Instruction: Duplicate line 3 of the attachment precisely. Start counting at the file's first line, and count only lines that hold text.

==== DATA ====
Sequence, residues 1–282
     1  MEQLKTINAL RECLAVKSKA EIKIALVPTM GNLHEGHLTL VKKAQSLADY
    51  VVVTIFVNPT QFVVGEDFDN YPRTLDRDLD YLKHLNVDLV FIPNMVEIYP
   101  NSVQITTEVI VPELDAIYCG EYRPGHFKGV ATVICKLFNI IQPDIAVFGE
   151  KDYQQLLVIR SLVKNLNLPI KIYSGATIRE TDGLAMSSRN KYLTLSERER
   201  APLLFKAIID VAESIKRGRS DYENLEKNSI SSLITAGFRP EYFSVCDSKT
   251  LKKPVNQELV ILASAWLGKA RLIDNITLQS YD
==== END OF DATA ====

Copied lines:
    51  VVVTIFVNPT QFVVGEDFDN YPRTLDRDLD YLKHLNVDLV FIPNMVEIYP